The building and construction industry has been shocked by the recent demise of construction company ProBuild, and before that the collapse of Privium. Unfortunately, these are unlikely to be the last collapse.
While it’s hard to judge from the outside what caused the collapses, and there can be many contributing factors, there is no doubt that the impact of Covid, huge increases in the costs of materials (such as steel), and delays in delivery of materials is hurting most of us in the building and construction industry.
We have been hearing a lot of the same concerns from builders and construction companies recently, so we’ve listed some common questions we have been getting lately and some ideas about how you and your company can protect yourself.
Q.1: Building contracts are usually ‘fixed price’, but the prices of materials, trades, and subbies have gone up significantly, which we have to absorb, which affects our bottom line. Can we insert a condition into our contracts where we can pass on price rises if they are too significant to cover?
Response - We can assist with new conditions to cover specific items and circumstances, but there are also opportunities already in the standard ‘Master Builders’ and ‘HIA’ contracts to restructure your pricing to cater for increases. For example, in some situations, provided the builder properly drafts their contract and gives written notices, some items of work (materials, labour) can be classed as ‘Provisional Sums’ and some price rises can be passed on to owners. Care must be taken to ensure your contract is drafted properly and you comply with the terms.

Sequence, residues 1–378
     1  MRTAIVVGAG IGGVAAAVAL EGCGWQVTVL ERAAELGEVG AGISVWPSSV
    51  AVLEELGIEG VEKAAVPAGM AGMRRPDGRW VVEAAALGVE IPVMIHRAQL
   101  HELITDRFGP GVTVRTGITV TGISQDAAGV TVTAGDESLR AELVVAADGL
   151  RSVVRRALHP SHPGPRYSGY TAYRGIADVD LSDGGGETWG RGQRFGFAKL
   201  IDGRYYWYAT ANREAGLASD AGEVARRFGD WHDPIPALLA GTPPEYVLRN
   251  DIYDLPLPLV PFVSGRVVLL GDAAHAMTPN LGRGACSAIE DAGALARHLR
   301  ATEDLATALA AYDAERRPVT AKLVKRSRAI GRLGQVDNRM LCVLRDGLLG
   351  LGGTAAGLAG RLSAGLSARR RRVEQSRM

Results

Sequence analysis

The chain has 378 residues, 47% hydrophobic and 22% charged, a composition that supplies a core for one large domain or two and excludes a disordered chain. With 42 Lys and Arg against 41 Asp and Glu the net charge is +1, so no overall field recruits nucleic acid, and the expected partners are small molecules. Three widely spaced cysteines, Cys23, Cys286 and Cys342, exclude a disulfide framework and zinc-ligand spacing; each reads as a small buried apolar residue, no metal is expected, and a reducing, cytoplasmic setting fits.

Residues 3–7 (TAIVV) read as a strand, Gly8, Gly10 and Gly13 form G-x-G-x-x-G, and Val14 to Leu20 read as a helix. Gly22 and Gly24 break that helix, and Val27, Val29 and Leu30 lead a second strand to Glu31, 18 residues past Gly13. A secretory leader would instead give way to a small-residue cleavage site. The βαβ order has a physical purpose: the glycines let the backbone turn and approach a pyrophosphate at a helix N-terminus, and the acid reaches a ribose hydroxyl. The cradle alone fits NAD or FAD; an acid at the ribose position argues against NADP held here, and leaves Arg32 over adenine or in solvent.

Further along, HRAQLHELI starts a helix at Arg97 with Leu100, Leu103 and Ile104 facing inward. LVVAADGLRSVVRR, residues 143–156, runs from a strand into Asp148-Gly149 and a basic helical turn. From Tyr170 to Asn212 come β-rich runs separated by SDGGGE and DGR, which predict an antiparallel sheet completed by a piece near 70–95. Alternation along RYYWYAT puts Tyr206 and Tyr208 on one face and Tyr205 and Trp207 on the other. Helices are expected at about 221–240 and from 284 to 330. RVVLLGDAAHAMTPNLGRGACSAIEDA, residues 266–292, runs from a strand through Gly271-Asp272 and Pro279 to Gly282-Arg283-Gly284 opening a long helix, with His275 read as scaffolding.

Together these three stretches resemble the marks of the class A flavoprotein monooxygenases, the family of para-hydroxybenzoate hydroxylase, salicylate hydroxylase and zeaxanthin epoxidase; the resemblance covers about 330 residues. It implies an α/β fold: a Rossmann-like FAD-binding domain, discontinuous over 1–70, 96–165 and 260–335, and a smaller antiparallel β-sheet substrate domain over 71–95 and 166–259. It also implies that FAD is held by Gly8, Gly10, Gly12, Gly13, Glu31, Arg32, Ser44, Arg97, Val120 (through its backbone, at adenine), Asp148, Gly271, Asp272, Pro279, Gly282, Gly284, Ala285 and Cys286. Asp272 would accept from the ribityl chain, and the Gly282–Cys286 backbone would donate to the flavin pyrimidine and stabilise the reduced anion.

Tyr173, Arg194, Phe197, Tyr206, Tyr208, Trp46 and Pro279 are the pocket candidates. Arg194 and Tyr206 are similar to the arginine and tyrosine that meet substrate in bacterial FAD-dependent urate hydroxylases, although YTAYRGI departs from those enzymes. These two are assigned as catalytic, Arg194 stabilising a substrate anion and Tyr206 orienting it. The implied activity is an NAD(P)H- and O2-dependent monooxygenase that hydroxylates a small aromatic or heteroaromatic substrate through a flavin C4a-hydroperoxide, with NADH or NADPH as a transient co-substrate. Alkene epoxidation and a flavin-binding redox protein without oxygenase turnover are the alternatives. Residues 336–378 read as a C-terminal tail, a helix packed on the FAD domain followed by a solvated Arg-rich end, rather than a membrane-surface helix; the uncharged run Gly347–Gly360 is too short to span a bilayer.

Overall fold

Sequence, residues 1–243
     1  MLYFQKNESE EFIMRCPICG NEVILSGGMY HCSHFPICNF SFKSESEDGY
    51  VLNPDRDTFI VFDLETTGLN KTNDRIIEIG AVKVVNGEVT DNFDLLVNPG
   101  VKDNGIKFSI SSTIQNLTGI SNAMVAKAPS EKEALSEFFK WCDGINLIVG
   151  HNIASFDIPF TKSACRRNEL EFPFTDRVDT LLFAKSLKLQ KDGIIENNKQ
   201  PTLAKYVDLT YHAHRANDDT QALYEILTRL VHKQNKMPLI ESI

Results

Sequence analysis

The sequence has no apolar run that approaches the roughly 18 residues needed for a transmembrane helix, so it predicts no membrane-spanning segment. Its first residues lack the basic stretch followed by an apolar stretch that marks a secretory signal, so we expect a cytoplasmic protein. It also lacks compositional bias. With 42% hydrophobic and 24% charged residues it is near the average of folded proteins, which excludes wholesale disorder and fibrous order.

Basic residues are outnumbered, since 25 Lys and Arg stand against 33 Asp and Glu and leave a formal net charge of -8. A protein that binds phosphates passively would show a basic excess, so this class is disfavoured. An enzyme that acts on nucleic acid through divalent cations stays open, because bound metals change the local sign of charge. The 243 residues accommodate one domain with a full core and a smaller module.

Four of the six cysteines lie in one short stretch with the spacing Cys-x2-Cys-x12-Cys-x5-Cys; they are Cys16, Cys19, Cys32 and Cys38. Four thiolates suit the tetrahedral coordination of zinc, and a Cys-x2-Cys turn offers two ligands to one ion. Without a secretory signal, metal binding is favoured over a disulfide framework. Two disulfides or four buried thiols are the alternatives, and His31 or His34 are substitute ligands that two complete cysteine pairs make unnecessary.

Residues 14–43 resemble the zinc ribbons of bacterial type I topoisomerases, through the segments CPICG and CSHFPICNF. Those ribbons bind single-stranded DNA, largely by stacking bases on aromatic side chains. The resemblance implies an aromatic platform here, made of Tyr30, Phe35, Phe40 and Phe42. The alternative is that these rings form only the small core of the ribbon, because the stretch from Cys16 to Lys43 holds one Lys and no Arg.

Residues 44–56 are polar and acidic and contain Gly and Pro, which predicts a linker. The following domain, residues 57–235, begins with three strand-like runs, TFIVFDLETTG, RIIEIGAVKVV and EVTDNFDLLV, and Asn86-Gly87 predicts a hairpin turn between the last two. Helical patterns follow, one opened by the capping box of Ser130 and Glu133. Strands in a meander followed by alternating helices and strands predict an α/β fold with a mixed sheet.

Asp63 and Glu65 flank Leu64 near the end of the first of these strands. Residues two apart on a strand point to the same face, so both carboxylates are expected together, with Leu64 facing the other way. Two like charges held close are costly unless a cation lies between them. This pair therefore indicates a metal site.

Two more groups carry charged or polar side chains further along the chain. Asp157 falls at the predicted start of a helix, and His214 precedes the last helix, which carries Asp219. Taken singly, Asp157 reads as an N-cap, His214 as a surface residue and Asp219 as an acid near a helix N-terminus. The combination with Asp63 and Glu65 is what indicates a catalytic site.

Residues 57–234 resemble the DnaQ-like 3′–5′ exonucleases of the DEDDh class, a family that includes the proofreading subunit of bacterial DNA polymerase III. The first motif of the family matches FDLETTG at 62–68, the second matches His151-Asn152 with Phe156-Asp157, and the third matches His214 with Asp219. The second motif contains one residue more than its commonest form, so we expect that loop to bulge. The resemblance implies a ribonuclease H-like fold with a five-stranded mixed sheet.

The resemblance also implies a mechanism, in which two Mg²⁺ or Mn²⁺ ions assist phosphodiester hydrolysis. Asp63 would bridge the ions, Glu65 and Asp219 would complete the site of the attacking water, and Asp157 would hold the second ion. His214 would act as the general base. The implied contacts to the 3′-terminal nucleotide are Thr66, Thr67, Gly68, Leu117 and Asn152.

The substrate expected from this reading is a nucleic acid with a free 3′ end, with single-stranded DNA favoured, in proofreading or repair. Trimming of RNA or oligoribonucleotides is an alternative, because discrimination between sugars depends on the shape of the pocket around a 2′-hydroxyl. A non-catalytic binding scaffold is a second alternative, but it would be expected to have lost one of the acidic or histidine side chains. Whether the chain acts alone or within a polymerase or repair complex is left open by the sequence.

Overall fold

Q.2: Build programs/timelines are often affected due to issues with availability or delays with resources (materials, trades, and subbies). This can change daily, making it difficult to keep jobs on schedule. Can we include a condition where we can adjust the finishing date due to reasons out of our control and as such not have to pay liquidated damages past the completion date?
Response - To avoid potentially sticky situations, we can always assist with adding new clauses to cover possible delays. We can work with you to draft those clauses and assist with ‘covering notes’ to owners explaining the current industry situation. However, the standard Master Builders and HIA contracts do already have some mechanisms to help you deal with delays outside your control. Both contracts provide that for certain types of delays, if the builder gives the owner notice of the delay and the parties discuss it, then the builder can get ‘EOTs’. We can help you understand this process to fully understand the helpful tricks and mechanisms in your contract, and give you some tips and advice on how to manage delays.
Q.3: The owner has selected a bathroom item that is no longer available. Can we add a clause so that we can substitute a new item for a similar price/product?
Response – Like with Question 1, we can help add a ‘special condition’ which covers this situation, so where there are delays or availability issues that aren’t the builder’s fault, there can be a substitution and a price adjustment. Also, under most building contracts there is the ‘Prime Cost Item’ mechanism, which covers the builder in the situation where an item to be selected by the owner is suddenly not available, or goes up in price. The Contract Price can be structured to nominate Prime Cost Item allowances, and provided your contract is drafted properly and the builder follows the contract process properly, the builder can be protected from unexpected supply and cost issues.
If you have concerns or queries about your building and construction contract, any outstanding claims or payments, or generally in relation to your contracts or your business, please contact Sean Webb from our experienced building and construction team on (07) 4052 0703.